According to A M Best’s report, ‘Vietnam’s Insurance Market Awakening to Further Change’, there are currently 29 insurance companies (mainly domestic firms) operating in Vietnam’s non-life market, with more expected to enter due to the potential for growth. However, the intense competition, high operating costs and an increased frequency and severity of insured losses has made profitable underwriting difficult to achieve in the current environment. As the market has opened up, the 4 big, partially state-owned non-life insurers have been losing market share to smaller largely-foreign competitors who have implemented aggressive growth strategies at the expense of cost-effective underwriting.
The life insurance industry in Vietnam remains less crowded than the non-life sector, with only 12 registered insurers operating in the country. Foreign insurers dominate this market, and have brought with them substantial capital, expertise and innovative distribution channels to sell a largely unknown product to the Vietnamese people. Due to the young-leaning demographics and low-per-capita income however, demand for life insurance and some other conventional insurance products has remained moderate. This is where innovative products like microinsurance could find significant market share.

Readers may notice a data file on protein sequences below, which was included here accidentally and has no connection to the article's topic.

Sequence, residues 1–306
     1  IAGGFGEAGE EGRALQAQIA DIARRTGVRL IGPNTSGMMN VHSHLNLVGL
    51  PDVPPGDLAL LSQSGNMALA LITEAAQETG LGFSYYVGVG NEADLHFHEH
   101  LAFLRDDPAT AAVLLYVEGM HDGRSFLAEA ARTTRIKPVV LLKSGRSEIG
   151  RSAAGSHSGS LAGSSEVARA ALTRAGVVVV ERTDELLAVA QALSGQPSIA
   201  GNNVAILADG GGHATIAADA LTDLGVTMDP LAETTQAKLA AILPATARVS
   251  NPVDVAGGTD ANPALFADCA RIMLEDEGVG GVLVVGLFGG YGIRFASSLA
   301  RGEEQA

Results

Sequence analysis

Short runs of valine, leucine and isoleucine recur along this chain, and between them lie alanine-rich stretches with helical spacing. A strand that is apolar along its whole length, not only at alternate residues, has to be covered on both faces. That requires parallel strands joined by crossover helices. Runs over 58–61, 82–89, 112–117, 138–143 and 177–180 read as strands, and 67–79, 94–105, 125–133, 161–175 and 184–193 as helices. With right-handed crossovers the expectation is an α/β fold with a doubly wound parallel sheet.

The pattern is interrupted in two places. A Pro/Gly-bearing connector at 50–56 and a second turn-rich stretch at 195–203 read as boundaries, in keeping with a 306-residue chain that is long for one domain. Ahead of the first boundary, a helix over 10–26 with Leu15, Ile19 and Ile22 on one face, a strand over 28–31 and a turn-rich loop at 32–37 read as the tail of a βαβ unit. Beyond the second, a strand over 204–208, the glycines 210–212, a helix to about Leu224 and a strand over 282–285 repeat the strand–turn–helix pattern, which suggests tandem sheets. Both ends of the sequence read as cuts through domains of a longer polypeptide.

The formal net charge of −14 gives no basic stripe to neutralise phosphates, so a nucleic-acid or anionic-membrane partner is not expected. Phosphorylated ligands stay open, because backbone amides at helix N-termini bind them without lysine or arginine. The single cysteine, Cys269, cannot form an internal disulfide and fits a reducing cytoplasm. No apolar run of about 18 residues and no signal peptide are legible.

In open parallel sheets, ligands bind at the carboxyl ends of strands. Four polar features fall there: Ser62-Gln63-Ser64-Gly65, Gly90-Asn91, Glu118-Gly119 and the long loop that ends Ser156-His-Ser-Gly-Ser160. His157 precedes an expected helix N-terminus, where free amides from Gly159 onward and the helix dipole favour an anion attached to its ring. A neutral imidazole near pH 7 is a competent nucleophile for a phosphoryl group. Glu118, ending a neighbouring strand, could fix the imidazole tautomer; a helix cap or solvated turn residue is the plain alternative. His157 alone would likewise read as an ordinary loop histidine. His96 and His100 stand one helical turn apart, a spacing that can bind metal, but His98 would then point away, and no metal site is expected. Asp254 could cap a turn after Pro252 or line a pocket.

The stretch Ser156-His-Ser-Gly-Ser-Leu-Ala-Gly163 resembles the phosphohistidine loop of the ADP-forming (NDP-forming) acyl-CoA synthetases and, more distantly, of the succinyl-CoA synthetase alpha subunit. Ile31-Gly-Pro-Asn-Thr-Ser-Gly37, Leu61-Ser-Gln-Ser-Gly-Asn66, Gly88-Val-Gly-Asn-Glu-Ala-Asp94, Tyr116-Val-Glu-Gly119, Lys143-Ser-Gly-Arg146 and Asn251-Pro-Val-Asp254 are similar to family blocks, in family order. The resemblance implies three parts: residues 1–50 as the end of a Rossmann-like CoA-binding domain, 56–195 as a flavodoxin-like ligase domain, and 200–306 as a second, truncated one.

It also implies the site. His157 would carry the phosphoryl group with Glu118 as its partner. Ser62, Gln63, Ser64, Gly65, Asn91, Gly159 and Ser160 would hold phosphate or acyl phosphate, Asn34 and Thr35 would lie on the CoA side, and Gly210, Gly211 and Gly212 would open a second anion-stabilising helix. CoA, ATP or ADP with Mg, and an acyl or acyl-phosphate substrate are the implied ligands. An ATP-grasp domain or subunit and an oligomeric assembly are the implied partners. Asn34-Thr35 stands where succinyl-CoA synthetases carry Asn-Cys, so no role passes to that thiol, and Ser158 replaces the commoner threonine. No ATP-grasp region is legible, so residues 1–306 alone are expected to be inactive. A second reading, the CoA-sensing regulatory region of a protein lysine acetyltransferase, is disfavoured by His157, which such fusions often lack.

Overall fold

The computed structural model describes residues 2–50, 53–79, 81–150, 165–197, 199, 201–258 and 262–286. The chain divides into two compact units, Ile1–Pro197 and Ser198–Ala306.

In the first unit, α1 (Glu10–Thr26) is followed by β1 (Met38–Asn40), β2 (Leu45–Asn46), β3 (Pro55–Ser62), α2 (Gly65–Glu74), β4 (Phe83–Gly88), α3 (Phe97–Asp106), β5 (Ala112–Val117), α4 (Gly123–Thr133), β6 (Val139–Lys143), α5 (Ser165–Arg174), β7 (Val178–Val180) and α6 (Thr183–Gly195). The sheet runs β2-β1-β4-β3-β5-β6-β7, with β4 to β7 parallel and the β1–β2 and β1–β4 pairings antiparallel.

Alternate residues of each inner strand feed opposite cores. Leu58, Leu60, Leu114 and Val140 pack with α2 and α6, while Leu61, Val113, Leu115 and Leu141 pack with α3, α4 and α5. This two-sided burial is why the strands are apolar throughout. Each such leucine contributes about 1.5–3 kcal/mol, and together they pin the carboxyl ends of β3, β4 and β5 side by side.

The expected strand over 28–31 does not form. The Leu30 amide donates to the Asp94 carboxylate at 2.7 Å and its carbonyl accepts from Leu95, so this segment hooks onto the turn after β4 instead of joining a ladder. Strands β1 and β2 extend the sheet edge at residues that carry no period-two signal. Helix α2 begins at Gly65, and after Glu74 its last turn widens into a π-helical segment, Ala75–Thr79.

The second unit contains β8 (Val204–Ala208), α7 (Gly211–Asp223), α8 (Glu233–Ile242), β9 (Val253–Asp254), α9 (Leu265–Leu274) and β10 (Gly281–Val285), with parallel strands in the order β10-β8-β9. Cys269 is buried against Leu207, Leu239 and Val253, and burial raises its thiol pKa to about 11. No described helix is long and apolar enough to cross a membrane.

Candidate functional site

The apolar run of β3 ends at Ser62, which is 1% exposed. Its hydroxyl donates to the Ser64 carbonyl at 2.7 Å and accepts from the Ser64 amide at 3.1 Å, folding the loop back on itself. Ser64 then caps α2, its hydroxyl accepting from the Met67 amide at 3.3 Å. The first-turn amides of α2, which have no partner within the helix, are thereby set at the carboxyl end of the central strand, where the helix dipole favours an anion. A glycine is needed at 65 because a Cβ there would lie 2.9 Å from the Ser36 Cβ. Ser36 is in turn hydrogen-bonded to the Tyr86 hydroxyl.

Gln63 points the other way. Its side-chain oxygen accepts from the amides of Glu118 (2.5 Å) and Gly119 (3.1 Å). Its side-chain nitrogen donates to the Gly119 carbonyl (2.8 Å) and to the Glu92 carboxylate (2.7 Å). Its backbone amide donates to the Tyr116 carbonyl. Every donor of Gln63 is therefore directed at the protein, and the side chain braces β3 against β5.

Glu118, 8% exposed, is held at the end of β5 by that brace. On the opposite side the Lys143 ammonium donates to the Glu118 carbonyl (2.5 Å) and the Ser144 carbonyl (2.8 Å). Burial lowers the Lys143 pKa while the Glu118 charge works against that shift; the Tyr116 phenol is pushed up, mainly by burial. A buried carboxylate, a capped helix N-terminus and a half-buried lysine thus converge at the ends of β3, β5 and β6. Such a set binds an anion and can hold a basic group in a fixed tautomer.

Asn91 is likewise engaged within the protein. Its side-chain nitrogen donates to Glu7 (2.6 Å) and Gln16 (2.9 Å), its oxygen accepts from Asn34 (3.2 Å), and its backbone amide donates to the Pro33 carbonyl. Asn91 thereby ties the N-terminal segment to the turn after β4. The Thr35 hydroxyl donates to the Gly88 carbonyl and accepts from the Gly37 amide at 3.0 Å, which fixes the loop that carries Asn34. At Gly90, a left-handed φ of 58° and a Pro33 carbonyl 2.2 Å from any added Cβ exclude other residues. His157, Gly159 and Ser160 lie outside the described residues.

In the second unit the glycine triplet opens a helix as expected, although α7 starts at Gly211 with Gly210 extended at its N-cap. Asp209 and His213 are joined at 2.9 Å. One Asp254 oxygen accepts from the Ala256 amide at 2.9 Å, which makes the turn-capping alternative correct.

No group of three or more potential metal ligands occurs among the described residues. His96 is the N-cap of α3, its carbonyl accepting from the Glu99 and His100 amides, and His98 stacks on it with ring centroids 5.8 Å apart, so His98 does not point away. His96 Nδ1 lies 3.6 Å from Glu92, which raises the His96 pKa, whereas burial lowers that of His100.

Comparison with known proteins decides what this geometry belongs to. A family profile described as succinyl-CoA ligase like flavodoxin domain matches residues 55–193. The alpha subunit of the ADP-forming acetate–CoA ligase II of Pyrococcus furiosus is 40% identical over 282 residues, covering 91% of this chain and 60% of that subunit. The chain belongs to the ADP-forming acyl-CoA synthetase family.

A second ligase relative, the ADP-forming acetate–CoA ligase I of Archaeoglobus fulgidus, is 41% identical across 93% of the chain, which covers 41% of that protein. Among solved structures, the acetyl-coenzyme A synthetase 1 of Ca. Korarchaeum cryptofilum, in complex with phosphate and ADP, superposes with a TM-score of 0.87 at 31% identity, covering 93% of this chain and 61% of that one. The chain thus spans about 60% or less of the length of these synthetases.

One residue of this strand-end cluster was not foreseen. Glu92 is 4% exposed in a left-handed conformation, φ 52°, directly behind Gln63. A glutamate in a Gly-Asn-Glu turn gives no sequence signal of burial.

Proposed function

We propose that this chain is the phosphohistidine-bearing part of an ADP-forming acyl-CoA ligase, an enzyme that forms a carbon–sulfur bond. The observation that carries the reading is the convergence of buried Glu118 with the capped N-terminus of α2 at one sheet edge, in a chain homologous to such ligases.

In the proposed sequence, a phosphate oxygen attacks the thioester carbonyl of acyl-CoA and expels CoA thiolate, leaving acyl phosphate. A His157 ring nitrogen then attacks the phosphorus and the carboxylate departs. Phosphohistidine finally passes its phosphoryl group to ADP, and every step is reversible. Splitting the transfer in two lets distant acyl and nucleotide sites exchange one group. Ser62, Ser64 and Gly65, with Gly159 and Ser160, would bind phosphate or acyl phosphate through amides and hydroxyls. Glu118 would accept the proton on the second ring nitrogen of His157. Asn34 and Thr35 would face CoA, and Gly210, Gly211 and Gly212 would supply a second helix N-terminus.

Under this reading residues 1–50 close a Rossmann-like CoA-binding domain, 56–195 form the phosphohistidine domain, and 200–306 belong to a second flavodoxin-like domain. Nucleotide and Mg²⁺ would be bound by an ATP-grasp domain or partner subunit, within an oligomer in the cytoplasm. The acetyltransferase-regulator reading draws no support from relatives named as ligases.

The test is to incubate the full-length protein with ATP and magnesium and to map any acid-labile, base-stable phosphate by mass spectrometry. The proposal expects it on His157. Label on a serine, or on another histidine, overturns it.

Vietnam’s continued demographic and economic development will generate further awareness and demand for insurance. Although the considerable growth potential there, any foreign insurer looking to establish a presence in Vietnam’s insurance market will need to comply with tightening industry regulation, strong competition and operating challenges common to a developing economy in order to prosper.